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Communities advised against FGM

A section of participants in an anti-female genital mutilation (FGM) stakeholders meeting held in a hotel in Marsabit town keenly follow the discussions in which elders were challenged to take the lead in the fight against the vice. Photo by Sebastian Miriti/KNA

Outdated cultural practices among pastoralist communities in Marsabit County has been cited as the drawback in the fight against Female Genital Mutilation (FGM).

The stand was reached by stakeholders at a one day summit on FGM organized by the Anti-FGM Board of Kenya at a Marsabit hotel.

Participants at the meeting which brought together various interested parties who included elders, religious leaders and women from across the county observed that the practice was still thriving among locals despite the residents being aware of its dangers.

The  Marsabit Women’s Advocacy Development Organization (MWADO) Chief Executive Officer, Nuria Gollo expressed concern that the practice which he termed as retrogressive was 99 per cent practiced among all local pastoralist communities.

“The most disturbing thing is that our community is still practicing FGM even though they know the risks involved,” Ms.Gollo pointed out, adding that there was need for research to be conducted to establish why FGM was widespread despite regulations being in place.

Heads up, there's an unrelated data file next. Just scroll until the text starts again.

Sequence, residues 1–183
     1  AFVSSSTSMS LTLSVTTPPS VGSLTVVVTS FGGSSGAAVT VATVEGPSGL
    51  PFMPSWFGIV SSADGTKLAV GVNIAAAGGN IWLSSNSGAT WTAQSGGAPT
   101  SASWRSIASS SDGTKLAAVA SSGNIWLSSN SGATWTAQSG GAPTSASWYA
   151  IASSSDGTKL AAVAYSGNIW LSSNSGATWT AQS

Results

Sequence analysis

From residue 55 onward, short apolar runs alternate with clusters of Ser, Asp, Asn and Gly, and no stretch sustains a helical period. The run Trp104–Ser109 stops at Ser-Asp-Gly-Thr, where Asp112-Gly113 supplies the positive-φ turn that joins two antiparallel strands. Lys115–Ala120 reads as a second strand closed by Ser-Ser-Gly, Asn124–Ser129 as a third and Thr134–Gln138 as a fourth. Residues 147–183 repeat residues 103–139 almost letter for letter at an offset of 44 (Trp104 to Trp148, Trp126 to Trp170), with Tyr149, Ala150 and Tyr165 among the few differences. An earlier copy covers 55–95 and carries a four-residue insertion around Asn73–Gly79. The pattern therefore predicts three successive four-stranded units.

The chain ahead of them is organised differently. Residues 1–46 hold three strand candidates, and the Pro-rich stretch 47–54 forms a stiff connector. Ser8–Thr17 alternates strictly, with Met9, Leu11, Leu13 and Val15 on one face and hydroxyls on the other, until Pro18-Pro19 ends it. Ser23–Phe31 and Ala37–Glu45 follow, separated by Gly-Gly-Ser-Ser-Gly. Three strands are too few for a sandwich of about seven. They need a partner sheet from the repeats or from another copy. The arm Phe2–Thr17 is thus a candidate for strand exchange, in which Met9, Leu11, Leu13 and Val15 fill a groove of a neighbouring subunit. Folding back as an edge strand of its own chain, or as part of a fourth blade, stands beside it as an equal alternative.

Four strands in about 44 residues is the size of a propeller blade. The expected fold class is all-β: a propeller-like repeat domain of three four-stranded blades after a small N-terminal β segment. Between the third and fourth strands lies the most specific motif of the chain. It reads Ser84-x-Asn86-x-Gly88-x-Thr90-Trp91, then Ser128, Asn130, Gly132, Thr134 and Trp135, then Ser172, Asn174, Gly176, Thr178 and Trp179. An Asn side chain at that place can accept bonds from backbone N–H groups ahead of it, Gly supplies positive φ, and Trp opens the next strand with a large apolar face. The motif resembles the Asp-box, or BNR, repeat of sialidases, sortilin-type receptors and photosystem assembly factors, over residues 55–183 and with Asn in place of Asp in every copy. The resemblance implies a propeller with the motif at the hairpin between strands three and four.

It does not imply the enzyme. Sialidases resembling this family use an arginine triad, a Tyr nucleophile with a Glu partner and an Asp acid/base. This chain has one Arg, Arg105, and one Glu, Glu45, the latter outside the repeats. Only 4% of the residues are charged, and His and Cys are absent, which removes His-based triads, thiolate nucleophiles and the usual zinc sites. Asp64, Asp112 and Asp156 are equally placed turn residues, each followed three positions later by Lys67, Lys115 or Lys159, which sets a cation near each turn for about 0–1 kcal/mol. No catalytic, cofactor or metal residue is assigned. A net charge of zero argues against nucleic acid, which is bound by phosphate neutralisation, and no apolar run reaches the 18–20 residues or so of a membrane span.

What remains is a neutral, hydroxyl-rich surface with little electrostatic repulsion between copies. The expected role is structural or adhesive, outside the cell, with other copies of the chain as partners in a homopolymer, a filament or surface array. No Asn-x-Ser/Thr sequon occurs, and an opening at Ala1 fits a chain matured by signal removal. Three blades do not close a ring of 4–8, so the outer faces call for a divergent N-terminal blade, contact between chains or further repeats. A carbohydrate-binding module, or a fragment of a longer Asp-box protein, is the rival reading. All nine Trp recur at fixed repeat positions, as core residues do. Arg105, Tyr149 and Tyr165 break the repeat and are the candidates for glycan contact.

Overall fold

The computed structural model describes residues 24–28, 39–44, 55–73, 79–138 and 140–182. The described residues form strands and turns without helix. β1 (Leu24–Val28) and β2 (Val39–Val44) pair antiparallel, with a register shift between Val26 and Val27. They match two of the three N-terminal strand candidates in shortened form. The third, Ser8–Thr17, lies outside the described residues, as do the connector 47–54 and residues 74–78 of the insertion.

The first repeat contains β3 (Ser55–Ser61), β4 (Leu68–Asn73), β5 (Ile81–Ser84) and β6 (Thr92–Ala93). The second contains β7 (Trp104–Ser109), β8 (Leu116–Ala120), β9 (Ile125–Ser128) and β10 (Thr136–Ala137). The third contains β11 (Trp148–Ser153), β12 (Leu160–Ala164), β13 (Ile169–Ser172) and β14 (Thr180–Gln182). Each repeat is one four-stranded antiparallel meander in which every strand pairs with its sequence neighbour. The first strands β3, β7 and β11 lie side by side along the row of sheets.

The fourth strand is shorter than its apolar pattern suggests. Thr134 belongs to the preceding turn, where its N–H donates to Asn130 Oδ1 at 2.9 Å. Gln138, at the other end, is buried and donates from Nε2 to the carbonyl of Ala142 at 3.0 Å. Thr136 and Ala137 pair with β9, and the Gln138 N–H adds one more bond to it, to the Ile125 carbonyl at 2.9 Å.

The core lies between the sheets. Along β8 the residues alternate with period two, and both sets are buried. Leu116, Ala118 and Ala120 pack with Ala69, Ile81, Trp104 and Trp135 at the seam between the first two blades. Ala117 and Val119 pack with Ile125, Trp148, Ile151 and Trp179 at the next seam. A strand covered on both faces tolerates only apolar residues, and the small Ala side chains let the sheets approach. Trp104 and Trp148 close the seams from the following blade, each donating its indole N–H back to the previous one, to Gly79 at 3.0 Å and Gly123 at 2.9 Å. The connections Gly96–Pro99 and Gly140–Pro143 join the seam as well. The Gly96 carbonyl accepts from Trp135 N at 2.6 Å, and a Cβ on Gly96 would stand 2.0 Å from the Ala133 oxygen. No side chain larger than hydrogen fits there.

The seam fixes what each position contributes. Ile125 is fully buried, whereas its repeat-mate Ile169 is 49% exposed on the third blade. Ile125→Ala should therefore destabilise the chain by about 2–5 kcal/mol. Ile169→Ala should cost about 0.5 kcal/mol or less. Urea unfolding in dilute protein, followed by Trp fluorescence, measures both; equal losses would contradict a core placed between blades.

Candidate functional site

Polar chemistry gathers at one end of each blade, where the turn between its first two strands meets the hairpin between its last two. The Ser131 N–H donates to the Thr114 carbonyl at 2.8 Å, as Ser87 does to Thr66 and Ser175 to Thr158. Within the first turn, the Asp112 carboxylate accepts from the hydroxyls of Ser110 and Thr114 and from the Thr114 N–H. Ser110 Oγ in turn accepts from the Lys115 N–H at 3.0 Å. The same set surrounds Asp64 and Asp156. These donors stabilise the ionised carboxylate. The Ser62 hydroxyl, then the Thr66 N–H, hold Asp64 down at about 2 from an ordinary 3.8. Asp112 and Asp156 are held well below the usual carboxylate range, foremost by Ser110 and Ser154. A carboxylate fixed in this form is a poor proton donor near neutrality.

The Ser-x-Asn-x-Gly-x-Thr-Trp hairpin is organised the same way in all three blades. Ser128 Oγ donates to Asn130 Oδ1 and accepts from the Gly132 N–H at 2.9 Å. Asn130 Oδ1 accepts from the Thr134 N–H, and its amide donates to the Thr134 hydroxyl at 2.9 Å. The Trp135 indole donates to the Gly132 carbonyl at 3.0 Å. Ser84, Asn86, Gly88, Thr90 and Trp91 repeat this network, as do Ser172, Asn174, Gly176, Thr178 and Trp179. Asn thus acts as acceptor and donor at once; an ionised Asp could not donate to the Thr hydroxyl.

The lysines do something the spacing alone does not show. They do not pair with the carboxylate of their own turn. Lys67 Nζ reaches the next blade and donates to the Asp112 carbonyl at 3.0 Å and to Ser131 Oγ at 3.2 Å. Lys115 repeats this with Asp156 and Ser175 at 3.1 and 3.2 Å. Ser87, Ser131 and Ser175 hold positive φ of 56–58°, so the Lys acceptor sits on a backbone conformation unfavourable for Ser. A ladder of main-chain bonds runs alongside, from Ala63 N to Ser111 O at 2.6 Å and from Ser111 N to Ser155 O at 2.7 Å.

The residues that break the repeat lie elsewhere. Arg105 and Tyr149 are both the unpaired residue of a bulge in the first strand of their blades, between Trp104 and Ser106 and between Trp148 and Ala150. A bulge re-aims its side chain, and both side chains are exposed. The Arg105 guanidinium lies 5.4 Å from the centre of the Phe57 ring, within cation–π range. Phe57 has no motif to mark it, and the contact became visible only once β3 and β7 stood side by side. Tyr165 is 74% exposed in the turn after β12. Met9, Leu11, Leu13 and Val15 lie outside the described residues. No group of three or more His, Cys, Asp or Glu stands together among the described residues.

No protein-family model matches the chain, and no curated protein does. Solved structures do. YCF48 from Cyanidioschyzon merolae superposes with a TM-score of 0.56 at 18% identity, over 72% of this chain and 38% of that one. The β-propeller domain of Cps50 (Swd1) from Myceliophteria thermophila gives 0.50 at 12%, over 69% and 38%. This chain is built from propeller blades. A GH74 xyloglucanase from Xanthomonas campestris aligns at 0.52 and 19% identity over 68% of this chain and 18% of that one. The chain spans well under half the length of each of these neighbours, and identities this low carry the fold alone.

Various speakers at meeting implored women to be in the forefront in opposing the customary practice as some participants felt that women were being used to perpetuate FGM.

Religious leaders present described the practice as outdated and called on local communities to embrace alternative rites of passage for the girl child.

Sheikh Abdullahi Hussein said there were no benefits attached to the practice and that the teachings of the Quran does not advocate for it in anyway.

A section of the participants however expressed the need for elders as key decision makers in the community to take center stage in the war against the outlawed practice because they held a lot of influence.

An elder from Korr in Laisamis sub-county, Nicklass  Muika said that the problem could be adequately addressed if the group took it upon itself to affirm to the youth that FGM was injurious and added no value to the life of the victims.

“Elders can also be effective in whipping politicians into the campaign because they relied on them for endorsement and in the hunt for votes,” he said.

The  Anti FGM Board Chairperson, Ms. Agnes  Parayo asked young men to agree to marry women who have not undergone female circumcision as an endorsement against the practice.

“There has been this stand among morans that they cannot marry uncircumcised girls for reasons tied to tradition and beliefs,” said Ms. Parayo and called for a change of attitude.

Equating FGM to unnecessary spilling of blood, she observed that the practice had so many health related problems and adversely affected victims’ lives.

The Chairperson said the practice was illegal and a violation of human rights besides going against the teachings of both the Bible and Quran.

By  Sebastian  Miriti

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